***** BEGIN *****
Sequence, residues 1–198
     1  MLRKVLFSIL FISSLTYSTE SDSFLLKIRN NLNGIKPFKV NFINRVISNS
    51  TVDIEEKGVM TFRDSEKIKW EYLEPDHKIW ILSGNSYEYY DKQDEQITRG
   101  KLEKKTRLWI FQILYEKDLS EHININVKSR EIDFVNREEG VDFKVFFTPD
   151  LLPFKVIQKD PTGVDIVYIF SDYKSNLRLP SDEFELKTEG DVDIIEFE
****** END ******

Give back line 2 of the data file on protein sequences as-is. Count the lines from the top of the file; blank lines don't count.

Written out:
     1  MLRKVLFSIL FISSLTYSTE SDSFLLKIRN NLNGIKPFKV NFINRVISNS